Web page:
Pope Francis says choosing not to have children is ‘selfish’
Speech condemns a ‘depressed’ society that sees children as ‘worrisome, a weight’
Pope Francis during the general audience in St. Peter’s Square at the Vatican, February 11th, 2015. Photograph: Reuters/Alessandro Bianchi
Pope Francis has chided couples who choose not to have children, saying the decision is a “selfish” act.
Speaking during his general audience at St Peter’s Square, he said: “A society with a greedy generation, that doesn’t want to surround itself with children, that considers them above all worrisome, a weight, a risk, is a depressed society.
“The choice to not have children is selfish. Life rejuvenates and acquires energy when it multiplies: It is enriched, not impoverished.”
The address was focused primarily on the joy of children and their role in society. The pope recalled a childhood memory, when his mother was asked which of her five children was her favourite. “She would say, ‘I have five children like I have five fingers. If they beat one of my fingers, all five hurt. All of my children are mine, but each one is different,’” he said.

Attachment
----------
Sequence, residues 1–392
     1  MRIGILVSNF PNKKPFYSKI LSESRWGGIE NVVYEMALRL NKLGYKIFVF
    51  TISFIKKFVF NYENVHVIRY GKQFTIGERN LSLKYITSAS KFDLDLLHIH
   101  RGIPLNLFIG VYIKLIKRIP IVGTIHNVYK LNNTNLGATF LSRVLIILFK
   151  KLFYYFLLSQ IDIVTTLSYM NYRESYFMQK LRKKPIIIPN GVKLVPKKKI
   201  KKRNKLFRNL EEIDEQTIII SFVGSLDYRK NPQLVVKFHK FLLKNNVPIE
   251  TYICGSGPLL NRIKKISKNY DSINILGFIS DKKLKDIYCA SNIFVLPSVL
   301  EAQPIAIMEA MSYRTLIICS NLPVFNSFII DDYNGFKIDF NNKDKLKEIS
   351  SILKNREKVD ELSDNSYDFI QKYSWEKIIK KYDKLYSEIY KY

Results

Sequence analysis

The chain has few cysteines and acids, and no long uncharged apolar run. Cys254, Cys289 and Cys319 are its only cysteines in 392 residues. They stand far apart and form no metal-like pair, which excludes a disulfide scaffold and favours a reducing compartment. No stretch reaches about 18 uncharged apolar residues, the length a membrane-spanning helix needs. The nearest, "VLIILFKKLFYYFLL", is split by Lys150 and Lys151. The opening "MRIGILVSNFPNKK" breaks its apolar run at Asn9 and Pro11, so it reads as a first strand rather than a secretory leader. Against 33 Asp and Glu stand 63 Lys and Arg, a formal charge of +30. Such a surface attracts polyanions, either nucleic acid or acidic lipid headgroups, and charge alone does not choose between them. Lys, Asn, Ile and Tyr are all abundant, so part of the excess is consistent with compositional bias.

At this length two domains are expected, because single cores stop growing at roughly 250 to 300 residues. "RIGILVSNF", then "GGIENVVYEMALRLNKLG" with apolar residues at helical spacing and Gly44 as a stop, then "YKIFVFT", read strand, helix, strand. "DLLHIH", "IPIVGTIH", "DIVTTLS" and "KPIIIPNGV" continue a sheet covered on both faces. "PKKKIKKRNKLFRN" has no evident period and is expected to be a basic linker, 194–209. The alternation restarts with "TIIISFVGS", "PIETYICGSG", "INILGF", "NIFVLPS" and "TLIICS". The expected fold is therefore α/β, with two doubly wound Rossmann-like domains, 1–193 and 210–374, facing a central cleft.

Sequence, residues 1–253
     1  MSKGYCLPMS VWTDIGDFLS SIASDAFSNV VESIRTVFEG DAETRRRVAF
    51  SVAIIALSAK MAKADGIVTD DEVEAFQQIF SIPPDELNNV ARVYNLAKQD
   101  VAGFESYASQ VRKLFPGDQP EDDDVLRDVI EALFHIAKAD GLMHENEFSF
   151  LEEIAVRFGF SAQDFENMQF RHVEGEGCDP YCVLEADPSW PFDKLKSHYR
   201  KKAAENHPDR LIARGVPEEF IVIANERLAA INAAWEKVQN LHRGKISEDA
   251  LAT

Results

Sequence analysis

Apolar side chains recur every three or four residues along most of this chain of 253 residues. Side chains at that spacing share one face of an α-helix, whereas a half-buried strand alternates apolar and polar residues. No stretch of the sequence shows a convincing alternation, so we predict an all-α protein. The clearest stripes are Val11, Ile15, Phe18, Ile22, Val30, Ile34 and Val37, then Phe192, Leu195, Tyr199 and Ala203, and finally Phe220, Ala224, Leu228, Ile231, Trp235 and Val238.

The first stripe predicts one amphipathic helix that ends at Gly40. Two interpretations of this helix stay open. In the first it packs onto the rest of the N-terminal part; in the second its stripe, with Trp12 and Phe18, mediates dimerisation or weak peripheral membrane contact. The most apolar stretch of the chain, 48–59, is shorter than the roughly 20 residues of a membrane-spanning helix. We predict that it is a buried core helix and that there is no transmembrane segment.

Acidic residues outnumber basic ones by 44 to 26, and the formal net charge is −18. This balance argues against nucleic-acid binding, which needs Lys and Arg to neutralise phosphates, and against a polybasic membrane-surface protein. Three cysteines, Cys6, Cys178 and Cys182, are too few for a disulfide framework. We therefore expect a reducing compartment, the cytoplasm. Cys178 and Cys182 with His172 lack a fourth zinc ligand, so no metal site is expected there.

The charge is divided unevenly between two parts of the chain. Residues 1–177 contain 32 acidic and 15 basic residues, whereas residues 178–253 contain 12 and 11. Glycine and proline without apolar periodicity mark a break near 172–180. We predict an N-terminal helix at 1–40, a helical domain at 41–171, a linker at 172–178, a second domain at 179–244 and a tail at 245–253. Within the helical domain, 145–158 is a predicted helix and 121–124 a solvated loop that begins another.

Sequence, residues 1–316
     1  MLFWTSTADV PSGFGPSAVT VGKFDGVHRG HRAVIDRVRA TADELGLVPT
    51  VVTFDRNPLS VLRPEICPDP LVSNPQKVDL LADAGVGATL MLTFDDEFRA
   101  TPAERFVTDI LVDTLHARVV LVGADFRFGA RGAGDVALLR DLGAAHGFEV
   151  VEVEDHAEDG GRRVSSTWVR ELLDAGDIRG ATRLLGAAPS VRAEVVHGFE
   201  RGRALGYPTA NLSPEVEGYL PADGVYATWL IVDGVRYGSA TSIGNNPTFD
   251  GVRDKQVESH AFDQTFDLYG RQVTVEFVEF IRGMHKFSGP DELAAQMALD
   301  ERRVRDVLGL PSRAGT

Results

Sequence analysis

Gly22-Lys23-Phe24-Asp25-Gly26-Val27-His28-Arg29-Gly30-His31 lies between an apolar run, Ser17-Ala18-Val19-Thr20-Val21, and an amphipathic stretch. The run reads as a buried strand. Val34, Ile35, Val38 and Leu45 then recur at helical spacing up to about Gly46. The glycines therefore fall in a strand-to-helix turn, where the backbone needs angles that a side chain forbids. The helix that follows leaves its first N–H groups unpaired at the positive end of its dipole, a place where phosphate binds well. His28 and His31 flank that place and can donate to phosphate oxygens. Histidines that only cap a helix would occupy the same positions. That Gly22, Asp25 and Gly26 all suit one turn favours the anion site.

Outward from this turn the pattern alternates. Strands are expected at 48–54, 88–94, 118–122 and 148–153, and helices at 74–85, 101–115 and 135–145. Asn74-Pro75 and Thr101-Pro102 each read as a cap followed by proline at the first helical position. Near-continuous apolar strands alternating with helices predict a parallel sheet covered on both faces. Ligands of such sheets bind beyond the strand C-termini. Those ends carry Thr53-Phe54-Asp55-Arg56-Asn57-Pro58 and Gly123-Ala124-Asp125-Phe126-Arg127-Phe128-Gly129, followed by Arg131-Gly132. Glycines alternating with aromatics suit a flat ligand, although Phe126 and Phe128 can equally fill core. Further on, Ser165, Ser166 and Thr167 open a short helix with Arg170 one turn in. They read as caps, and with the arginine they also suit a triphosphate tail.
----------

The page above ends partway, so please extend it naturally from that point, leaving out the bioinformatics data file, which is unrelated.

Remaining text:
“You love your child because he is a child, not because he is beautiful, healthy, and good; not because he thinks like me, or embodies my desires. A child is a child: a life created by us but destined for him.”
He said there was a strong correlation between a society’s level of hope and its “inter-generational harmony”.
The remarks echoed his earlier comments on the topic of childlessness. Last year, he warned against the lure of a “culture of wellbeing” that can come when a couple does not have children and has the money and freedom to take nice holidays and buy a second home in the countryside.
“It might be better, more comfortable, to have a dog, two cats, and the love goes to the two cats and the dog,” he said. “Is this true or is this not? Have you seen it? Then, in the end, this marriage comes to old age in solitude, with the bitterness of loneliness.”
Last week, Pope Francis said that hitting a child was an acceptable form of discipline, although it was important to maintain their “dignity” in the process.
The Vatican later clarified the remark, saying the pope did not endorse violence or cruelty against a child.